Template-based automation of treatment planning in advanced radiotherapy: A comprehensive dosimetric and clinical evaluation.
      which are suggestive of a moderate reduction of interplan variability by mCycle plans in terms of both volumetric rectal sparing (V32, V28, V18) and control of the hotspots over the PTV (V37.5).
      Fig 1
      Fig. 1Box-and-whisker plots of the metrics computed from the 50 manual plans (left) and mCycle plans (right). In the first 2 rows are target (PTV_OVLs, uPRV, and PTV) dose coverage metrics (V33.2 %, V37.5 %, and V35 cm3). In the last 2 rows are the V35 (cm3) to the rectum and bladder, rectal mean dose, and fractional volume (V32 %, V28 %, and V18 %) metrics, where VX Gy % (cm3) is the fractional (absolute) volume receiving a dose not less than X (Gy). The boxesare delimited by the 25th and 75th percentiles and medially crossed by the median value; the whiskers point to the 50th ± 1.57 (75th–25th)/√N percentiles, and the outliers are indicated by crosses. P values from U tests (t tests for the rectal mean dose only) hypothesis testing are overlaid (* indicates significance at the 5% level). Abbreviations: OVL = overlap with the planning risk volume; PTV = isotropic expansion of the CTV by 5mm except by 3mm posteriorly; uPRV = isotropic expansion of the urethra by 3mm; PTV_OVLs = PTV minus its overlaps with rectum, bladder, and uPRV.
      The average dose-volume histograms (DVH) curves (±1 SD error bars) for the PTV, rectum, and bladder by the 2 groups of 50 plans, mCycle versus manual, are depicted in Figure 2. Such curves make visible both the absence of any significant variation in mean dose to the bladder (third row) and the significant gains from mCycle plans in terms of target dose coverage at 95% of the Dp (first row) and of the mean rectal dose (second row), which was reduced to 8.9±0.7 Gy from the value of the manual plans (9.7±0.6 Gy) (P < .001; t test).
      Fig 2
      Fig. 2Average DVH curves (error bars indicate ±1 SD) for the PTV (first row), rectum (second row), and bladder (third row), by the 2 groups of 50 plans: mCycle (red) versus manual (black). Abbreviations: DVH, dose-volume histograms; PTV, planning target volume.
      The dose distributions from the manual (left) and mCycle (right) plans of the same example patient are depicted in Figure 3 (subplot a) to show that manual plans may sometimes be associated with a slightly anisotropic dose distribution at the medium-to-low dose levels, that is, approximately 30% Dp (cyan). By defining a conformality index as the ratio of the volume (cm3) delimited by the 30% Dp (ie, 10.5 Gy) isodose line and the PTV volume (cm3), a significant difference resulted between manual (14.5±1.3) and mCycle (13.6±1.0) plans (P < .001; U test). As a likely consequence of such improved conformality, mCycle plans reduced the mean dose of the penile bulb from 6.8±3.3 Gy in the manual plans to 3.8±1.4 Gy (P < .001; U test), although at the clinically acceptable tradeoff of a not meaningful (P = .332; U test) and small increase of the mean dose to the bladder from 6.1±2.0 Gy to 6.2±2.2 Gy. This is shown for another example patient in Figure 3 (subplot b), where the full set of DVH curves from mCycle and manual plans is also reported (subplot c). These details, which are outside the set of necessary dose-volume constraints for planning approval, can be easily accounted for by an automated approach.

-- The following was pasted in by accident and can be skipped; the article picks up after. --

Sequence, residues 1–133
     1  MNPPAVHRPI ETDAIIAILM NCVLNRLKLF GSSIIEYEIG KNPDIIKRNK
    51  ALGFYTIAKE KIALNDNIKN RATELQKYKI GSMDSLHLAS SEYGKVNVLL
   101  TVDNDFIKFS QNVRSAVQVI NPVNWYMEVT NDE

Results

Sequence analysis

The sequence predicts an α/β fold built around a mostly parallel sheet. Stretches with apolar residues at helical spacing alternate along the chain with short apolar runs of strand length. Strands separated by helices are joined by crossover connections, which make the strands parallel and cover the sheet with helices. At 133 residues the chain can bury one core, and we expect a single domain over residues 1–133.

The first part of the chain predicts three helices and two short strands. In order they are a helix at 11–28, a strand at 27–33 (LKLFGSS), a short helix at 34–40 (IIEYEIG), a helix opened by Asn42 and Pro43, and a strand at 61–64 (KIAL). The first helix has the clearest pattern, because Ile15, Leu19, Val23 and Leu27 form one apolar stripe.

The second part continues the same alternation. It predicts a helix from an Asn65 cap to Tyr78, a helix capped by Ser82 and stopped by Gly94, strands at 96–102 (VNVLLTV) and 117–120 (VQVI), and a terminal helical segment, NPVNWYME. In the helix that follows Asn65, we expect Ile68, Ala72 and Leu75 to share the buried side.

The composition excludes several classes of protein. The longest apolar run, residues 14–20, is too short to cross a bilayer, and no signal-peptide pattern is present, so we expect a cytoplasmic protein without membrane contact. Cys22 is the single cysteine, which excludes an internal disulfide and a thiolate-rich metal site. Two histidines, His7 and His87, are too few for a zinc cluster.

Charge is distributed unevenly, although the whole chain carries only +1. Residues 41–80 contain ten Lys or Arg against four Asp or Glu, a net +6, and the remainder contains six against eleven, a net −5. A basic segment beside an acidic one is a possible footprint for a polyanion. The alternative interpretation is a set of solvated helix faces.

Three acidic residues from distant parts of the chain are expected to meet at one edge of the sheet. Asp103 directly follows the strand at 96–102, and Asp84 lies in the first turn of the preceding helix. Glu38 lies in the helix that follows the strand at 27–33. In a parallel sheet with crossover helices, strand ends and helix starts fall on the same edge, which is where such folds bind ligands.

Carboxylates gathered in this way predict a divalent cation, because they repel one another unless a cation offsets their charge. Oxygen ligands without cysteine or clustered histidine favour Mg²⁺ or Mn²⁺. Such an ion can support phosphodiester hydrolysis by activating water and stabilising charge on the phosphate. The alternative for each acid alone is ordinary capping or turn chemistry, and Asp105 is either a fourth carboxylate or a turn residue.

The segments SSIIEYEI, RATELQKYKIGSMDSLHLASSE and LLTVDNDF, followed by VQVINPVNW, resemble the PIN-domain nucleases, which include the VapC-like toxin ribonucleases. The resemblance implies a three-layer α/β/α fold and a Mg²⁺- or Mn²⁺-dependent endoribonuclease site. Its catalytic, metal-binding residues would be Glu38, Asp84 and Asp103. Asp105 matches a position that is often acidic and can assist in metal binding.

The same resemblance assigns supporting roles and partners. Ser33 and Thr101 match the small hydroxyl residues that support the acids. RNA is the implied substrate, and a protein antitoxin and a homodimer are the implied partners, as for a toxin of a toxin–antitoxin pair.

Fig 3
      Fig. 3For a first representative patient, subplot a shows the improved isotropy in dose distribution at the intermediate dose levels, that is, 30% of the prescription dose (Dp) (cyan), 50% of the Dp (green), and 70% of the Dp (yellow), from mCycle plans (right) with respect to manual plans (left). For a second representative patient, subplot b shows the improved dose sparing of the penile bulb from the mCycle plan (right) with respect to the manual plan (left). The DVH curves for the second patient from mCycle and manual plans for the full set of constrained structures are shown in subplot c. Abbreviation: DVH, dose-volume histograms.